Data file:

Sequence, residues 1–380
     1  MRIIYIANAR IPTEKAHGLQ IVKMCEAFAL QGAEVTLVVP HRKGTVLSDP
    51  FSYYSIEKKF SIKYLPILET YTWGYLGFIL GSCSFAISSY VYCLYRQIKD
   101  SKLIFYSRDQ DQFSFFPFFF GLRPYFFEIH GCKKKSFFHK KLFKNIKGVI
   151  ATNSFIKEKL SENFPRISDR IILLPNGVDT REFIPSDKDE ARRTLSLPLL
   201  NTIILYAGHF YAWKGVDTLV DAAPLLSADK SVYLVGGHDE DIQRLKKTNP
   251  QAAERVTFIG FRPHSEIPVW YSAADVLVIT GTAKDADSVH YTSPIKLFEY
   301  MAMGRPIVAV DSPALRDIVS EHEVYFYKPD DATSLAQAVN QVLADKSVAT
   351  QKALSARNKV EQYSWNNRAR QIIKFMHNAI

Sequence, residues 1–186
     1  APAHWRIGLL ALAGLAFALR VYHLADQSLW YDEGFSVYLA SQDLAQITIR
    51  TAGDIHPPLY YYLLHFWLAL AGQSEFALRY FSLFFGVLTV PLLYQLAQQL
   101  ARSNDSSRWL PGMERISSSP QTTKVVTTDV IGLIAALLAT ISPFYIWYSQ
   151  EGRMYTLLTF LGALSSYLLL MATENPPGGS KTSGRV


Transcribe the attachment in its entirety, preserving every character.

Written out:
Sequence, residues 1–380
     1  MRIIYIANAR IPTEKAHGLQ IVKMCEAFAL QGAEVTLVVP HRKGTVLSDP
    51  FSYYSIEKKF SIKYLPILET YTWGYLGFIL GSCSFAISSY VYCLYRQIKD
   101  SKLIFYSRDQ DQFSFFPFFF GLRPYFFEIH GCKKKSFFHK KLFKNIKGVI
   151  ATNSFIKEKL SENFPRISDR IILLPNGVDT REFIPSDKDE ARRTLSLPLL
   201  NTIILYAGHF YAWKGVDTLV DAAPLLSADK SVYLVGGHDE DIQRLKKTNP
   251  QAAERVTFIG FRPHSEIPVW YSAADVLVIT GTAKDADSVH YTSPIKLFEY
   301  MAMGRPIVAV DSPALRDIVS EHEVYFYKPD DATSLAQAVN QVLADKSVAT
   351  QKALSARNKV EQYSWNNRAR QIIKFMHNAI

Sequence, residues 1–186
     1  APAHWRIGLL ALAGLAFALR VYHLADQSLW YDEGFSVYLA SQDLAQITIR
    51  TAGDIHPPLY YYLLHFWLAL AGQSEFALRY FSLFFGVLTV PLLYQLAQQL
   101  ARSNDSSRWL PGMERISSSP QTTKVVTTDV IGLIAALLAT ISPFYIWYSQ
   151  EGRMYTLLTF LGALSSYLLL MATENPPGGS KTSGRV